Section 331 of Title 18 of the United States code provides criminal penalties for anyone who fraudulently alters, defaces, mutilates impairs, diminishes, falsifies, scales, or lightens any of the coins coined at the Mints of the United States. This statute means that you may be violating the law if you change the appearance of the coin and fraudulently represent it to be other than the altered coin that it is. As a matter of policy, the Mint does not promote coloring, plating or altering U.S. coinage: however, there are no sanctions against such activity absent fraudulent intent.
  9. KJLara, 3 years ago
    OKAY - this is ridiculous! I didn't deface or alter this coin in any way! I just wanted to know if my coin had value. If you want to get into laws and violations, find another forum than my show and tell!
  10. KJLara, 3 years ago
    THANK YOU! Finally - someone believes I didn't alter this! There's no possible way it was done by someone's hand or tool. I've been researching this for months and have found many error coins that are almost identical (mated pair, double struck, ), they range in value from $5 to $5k. What's very interesting about mine is that the tail side (don't know if that's the correct term) is rotated 180 degrees and is perfect.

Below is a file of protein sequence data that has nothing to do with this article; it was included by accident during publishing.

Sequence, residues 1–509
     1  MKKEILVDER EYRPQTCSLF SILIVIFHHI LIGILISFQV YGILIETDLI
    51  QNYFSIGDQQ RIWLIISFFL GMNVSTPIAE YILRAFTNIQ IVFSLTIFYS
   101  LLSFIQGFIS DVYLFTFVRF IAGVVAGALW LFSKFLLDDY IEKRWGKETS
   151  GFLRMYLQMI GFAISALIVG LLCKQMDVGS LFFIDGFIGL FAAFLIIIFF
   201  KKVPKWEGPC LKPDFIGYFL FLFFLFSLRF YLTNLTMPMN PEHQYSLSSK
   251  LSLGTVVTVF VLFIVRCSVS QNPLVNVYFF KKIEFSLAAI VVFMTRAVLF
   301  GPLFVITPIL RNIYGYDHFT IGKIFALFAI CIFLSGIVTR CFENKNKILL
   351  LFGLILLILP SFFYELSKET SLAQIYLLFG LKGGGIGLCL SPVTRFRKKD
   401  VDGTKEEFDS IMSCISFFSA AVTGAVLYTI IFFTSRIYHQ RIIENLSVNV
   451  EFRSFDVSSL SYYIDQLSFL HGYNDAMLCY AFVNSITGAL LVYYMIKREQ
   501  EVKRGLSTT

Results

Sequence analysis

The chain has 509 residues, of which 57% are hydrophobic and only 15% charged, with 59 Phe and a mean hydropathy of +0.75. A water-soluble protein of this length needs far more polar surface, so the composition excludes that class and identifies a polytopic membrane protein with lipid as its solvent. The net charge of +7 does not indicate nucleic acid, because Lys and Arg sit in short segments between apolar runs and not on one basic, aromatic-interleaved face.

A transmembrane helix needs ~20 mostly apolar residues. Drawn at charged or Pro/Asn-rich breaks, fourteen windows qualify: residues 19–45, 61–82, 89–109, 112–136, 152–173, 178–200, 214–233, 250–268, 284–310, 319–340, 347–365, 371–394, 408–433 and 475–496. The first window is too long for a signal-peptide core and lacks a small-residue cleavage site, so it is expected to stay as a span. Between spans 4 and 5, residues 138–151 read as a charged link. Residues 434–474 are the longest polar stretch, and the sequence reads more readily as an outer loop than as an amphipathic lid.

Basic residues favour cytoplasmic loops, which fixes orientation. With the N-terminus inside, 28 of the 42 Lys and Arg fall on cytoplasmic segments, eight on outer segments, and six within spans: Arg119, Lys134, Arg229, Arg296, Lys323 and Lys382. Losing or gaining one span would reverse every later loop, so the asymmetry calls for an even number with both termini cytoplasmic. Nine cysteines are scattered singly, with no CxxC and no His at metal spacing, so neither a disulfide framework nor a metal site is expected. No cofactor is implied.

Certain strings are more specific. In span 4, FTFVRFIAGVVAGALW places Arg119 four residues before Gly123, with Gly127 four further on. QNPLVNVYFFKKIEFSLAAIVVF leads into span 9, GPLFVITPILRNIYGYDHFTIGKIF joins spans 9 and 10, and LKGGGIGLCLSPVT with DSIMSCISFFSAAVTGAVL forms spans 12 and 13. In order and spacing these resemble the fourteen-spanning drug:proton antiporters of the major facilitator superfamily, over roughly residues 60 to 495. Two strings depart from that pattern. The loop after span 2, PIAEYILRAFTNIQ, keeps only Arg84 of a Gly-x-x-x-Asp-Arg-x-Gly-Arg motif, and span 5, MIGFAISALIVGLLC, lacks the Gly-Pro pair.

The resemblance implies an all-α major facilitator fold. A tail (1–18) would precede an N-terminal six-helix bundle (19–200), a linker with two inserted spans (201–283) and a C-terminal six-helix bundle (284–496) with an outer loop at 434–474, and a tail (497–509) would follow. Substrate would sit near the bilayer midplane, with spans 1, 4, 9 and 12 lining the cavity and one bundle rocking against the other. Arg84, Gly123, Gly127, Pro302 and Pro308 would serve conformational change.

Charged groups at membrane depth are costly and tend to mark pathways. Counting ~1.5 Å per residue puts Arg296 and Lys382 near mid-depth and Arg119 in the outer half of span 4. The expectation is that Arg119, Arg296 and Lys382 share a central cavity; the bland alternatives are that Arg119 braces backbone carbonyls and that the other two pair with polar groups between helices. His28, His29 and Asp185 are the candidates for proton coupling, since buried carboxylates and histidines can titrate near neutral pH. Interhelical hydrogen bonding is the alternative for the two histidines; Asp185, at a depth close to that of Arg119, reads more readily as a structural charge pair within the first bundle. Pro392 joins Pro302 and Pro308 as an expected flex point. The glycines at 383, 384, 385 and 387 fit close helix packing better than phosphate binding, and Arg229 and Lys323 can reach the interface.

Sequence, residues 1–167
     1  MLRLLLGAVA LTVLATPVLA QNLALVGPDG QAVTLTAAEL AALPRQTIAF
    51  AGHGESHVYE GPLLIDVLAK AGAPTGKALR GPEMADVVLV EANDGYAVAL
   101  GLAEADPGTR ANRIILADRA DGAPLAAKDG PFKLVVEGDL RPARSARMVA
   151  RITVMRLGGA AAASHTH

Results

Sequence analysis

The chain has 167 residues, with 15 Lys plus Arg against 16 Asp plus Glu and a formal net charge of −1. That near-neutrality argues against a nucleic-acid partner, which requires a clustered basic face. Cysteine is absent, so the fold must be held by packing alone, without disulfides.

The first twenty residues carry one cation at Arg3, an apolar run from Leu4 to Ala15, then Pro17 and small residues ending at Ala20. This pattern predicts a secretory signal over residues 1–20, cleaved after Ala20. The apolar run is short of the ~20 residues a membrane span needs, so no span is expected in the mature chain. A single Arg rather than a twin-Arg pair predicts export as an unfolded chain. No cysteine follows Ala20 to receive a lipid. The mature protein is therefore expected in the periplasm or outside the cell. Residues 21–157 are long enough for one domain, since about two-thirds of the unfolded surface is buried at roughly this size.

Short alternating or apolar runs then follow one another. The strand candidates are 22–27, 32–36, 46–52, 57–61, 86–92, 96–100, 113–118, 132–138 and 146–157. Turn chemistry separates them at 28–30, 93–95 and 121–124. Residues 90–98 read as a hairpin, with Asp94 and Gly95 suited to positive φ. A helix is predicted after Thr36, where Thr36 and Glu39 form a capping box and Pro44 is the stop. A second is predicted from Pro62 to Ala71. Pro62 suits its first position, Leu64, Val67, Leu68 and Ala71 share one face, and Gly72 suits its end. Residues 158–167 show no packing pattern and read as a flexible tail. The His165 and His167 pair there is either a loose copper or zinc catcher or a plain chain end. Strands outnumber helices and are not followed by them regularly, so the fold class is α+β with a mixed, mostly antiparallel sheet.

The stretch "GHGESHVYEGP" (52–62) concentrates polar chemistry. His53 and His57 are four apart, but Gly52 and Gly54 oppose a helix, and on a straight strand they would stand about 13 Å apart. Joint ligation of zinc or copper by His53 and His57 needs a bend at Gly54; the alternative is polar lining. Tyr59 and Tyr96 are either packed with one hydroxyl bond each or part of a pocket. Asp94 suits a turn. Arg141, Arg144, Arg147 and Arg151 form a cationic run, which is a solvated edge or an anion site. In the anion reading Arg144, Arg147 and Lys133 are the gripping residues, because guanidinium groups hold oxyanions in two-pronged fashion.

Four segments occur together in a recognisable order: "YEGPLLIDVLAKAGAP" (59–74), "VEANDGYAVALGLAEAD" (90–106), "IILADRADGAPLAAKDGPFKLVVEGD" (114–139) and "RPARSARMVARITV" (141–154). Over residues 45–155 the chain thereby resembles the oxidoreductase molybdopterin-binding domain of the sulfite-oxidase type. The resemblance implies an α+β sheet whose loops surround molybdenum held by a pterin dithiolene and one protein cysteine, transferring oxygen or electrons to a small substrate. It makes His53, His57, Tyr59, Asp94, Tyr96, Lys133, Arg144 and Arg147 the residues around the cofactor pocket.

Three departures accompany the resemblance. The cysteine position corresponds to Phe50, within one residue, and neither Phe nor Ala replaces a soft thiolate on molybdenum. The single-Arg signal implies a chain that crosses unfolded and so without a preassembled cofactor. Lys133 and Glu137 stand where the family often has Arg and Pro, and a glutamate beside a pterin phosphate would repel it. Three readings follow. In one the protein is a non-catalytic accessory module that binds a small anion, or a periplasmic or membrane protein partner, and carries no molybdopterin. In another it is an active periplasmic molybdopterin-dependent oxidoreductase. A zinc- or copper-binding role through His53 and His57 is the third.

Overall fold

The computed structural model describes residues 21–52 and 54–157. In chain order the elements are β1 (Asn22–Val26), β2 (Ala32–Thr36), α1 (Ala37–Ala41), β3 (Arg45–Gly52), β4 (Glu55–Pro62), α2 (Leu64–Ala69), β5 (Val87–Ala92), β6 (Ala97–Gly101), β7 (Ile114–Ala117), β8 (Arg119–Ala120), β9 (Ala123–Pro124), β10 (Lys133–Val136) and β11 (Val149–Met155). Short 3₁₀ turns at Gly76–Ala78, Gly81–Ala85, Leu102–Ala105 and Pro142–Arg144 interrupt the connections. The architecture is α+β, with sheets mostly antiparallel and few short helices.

There is NO discoloration on either side. My camera just is not good enough to take a close-up photo. The dime is clean and shiny, with no copper coloring at all.
    I'm perplexed about what to do with this! I live in a small mountain town in AZ, no one here has a clue about coins.....
  11. KJLara, 3 years ago
    Comment from Jim @ Jim's Coins & Stamps
    http://www.jimscoins.com

    ....Coin has been damaged after the strike--not a mint error.

    I personally don't think it's possible to evaluate this coin from the photos.
  12. ThriftyGypsy ThriftyGypsy, 3 years ago
    I hate to be the one to say this, but you posted this item and said you needed information"asap"....... then, after all the people on here with ALOT of knowledge, took their time and gave you information, ( was not what you wanted to hear ), you make the statement that "you personally dont think it's possible to evaluate this coin from the photos". I just have to ask, why did you post it, ask for comments, and waste everyones time ????? T.G.
  13. fhrjr2 fhrjr2, 3 years ago
    Funny how people can't accept the facts. Oh well onward and forward.
  14. Bootson Bootson, 3 years ago